Statutes of Vladimir Lenin in Veliky Novgorod
Discovering Two Statutes of the Founer of the Soviet Union
Saturday Aug 13, 2011 - Veliky Novgorod, Russia
In my wanderings around Veliky Novgorod I encountered not one, but two statutes of the founder of the former Soviet Union, Vladimir Lenin.
The first was a large one along the side of the city square in front of the entrance to the Kremlin in Veliky Novgorod. This statue looks across the street toward the Central Administration building for the Novgorod Oblast. On close inspection I also noticed a relief of Lenin over the door to that building.
Across the river and along a tree shade street at the edge of the park on the east bank of the Volkhov River that is opposite the Kremlin, I found another, much smaller, statute of Vladimir Lenin.
Cult of Lenin Resulted in His Statute Being Everywhere in the Past
With his successful putsch known as the October Revolution, Vladimir Lenin and his Bolsheviks assumed power in Russia in 1917 and created the communist state, known as the Soviet Union or USSR (Union of Soviet Socialist Republics) which lasted almost until the end of the Twentieth Century.
Lenin ruled the Soviet Union until the end of his life about a decade later. Upon Lenin's death, Joseph Stalin assumed power. However, since Lenin and the government he created had made no plans for succession, there was a scramble for power upon his death.
Joseph Stalin ended up as the victor in the power struggle but, in an attempt to add legitimacy to his position and establish the communist system started by Lenin on a firmer base, Stalin initiated the cult of Lenin in which Vladimir Lenin was memorialized with monuments, statutes, pictures, etc. everywhere.
Numerous towns, villages and even the city of St. Petersburg, were renamed in honor of Lenin. In other cities, streets and buildings were named after Lenin. Of course, Lenin statutes popped up everywhere in the Soviet Union. As a final touch, Stalin had Lenin's body preserved and put on display in a marble tomb on Red Square in Moscow.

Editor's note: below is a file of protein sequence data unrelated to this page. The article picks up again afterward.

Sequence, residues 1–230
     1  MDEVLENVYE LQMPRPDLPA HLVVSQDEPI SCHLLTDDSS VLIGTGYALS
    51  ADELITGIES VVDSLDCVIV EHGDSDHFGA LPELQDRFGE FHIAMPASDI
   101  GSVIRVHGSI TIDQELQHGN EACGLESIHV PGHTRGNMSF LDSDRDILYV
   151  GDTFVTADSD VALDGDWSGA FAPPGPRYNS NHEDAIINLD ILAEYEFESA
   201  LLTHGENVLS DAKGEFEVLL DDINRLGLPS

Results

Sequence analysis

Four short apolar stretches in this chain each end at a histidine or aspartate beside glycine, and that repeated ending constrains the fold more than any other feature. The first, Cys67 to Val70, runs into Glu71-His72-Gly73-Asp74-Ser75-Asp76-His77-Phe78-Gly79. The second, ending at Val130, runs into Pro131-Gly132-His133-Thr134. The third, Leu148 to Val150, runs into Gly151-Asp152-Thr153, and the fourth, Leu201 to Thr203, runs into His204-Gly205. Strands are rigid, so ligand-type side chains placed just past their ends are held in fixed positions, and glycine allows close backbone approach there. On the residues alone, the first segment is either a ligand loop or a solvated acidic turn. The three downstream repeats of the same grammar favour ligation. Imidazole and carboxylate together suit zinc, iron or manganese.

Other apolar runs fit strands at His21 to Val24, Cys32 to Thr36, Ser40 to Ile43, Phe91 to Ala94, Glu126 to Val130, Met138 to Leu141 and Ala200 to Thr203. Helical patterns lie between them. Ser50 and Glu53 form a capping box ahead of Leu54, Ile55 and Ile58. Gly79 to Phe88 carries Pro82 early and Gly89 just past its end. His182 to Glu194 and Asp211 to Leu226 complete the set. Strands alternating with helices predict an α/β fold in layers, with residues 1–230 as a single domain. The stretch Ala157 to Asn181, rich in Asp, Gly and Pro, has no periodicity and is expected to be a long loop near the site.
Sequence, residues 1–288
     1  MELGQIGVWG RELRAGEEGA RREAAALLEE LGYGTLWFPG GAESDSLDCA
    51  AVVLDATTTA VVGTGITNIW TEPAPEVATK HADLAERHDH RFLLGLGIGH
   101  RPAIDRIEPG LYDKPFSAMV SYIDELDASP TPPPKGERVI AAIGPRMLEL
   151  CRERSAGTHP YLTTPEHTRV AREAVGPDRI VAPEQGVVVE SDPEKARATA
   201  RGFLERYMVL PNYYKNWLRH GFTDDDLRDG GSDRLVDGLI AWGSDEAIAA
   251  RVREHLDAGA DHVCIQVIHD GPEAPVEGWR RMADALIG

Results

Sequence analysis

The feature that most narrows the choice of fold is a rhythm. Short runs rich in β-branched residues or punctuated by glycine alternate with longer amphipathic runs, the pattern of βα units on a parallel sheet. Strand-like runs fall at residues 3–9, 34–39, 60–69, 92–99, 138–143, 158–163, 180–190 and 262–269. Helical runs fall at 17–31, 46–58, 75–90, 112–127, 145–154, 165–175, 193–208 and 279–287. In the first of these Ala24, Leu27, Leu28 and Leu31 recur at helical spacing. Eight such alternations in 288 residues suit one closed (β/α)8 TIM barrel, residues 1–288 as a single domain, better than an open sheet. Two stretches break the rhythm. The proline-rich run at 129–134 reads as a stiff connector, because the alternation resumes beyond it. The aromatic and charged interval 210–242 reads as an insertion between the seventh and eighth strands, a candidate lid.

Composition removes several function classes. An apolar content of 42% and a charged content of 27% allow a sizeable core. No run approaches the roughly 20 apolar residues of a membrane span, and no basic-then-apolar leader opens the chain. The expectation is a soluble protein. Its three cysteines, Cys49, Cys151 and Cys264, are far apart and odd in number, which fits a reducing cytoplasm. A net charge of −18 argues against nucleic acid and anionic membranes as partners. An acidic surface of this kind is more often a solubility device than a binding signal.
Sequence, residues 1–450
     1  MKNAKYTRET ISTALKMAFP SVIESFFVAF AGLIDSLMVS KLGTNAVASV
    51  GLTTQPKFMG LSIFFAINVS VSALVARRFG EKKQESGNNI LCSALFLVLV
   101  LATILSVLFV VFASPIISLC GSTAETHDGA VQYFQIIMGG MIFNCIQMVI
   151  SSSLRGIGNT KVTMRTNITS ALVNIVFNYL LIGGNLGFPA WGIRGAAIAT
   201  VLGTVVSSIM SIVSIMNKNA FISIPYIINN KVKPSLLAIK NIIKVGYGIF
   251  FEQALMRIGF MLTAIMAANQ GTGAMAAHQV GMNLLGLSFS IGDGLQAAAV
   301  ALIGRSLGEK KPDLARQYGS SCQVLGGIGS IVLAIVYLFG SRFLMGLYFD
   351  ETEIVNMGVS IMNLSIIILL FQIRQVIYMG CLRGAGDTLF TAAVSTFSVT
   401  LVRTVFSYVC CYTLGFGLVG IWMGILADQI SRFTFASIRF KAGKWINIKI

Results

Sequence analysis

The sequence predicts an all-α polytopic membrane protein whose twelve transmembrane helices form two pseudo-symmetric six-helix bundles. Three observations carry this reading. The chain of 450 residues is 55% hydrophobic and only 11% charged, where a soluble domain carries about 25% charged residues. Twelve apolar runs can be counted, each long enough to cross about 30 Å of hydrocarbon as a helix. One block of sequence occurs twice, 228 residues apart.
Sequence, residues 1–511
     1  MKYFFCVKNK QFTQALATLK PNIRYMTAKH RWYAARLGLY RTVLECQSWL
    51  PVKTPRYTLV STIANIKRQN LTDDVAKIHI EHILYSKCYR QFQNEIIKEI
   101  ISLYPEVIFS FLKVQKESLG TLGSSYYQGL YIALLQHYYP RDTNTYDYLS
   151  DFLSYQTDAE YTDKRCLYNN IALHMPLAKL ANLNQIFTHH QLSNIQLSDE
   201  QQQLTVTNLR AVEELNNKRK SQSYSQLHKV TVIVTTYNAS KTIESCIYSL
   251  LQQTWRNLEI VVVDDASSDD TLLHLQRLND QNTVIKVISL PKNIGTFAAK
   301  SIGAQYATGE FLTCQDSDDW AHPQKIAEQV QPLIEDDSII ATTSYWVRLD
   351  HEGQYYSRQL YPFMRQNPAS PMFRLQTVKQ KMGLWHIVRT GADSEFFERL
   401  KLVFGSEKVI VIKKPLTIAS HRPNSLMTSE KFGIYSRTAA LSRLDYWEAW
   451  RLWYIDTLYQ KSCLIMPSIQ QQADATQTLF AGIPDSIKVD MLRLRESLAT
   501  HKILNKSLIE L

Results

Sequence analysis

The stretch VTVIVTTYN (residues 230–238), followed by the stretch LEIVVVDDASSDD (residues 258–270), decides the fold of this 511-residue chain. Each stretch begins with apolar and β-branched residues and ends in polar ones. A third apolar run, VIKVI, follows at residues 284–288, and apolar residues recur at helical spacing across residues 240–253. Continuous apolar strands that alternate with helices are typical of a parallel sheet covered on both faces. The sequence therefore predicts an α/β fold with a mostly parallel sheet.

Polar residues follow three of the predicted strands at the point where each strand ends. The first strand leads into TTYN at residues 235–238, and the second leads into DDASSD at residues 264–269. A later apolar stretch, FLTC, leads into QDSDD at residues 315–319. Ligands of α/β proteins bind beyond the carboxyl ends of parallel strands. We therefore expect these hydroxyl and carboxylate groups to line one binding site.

Cult of Lenin was Created by Joseph Stalin
This cult of Lenin was Joseph Stalin's creation as Lenin himself, despite his ambition and lust for power, was a rather modest man in other respects.
Following the collapse of the Soviet Union and replacement of the communist government by a new democratic government many of the numerous statutes of Lenin were toppled and hauled off to scrap yards to be melted down and put to another use.
Place names were also changed with Leningrad quickly reverting to its original historic name of St. Petersburg.
Capitalism replaced communism and the golden arches of McDonald's became as common as past images of Lenin. When I visited Russia in 2002 I saw numerous tee shirts bearing the image of a bust of Lenin superimposed on the McDonald Golden Arches under the words McLenin.
Of course, given the vast number of statutes of Lenin, a few have survived. On my 2002 trip to Russia, I saw one statute of Lenin in a park in Ryazan as well as one each in St. Petersburg and Moscow and I understand that each of those cities has a few more as well but nowhere near the number that existed in the past.
One Statute Survives in the U.S.A. in Seattle, Washington
Then there is the statute that was rescued from the scrap yard by a wealthy American and taken home to Seattle, Washington where it now sits in front of an ice cream shop and next to a sign advertising the shop's Mini Lenny Scoop.
It also has a for sale sign next it indicating that anyone with a spare $150,000 can buy the statute. This statute is the subject of an earlier Hub by me entitled A Statue of Communist Dictator Vladimir Lenin Saved From Scrap Heap by an American Capitalist.
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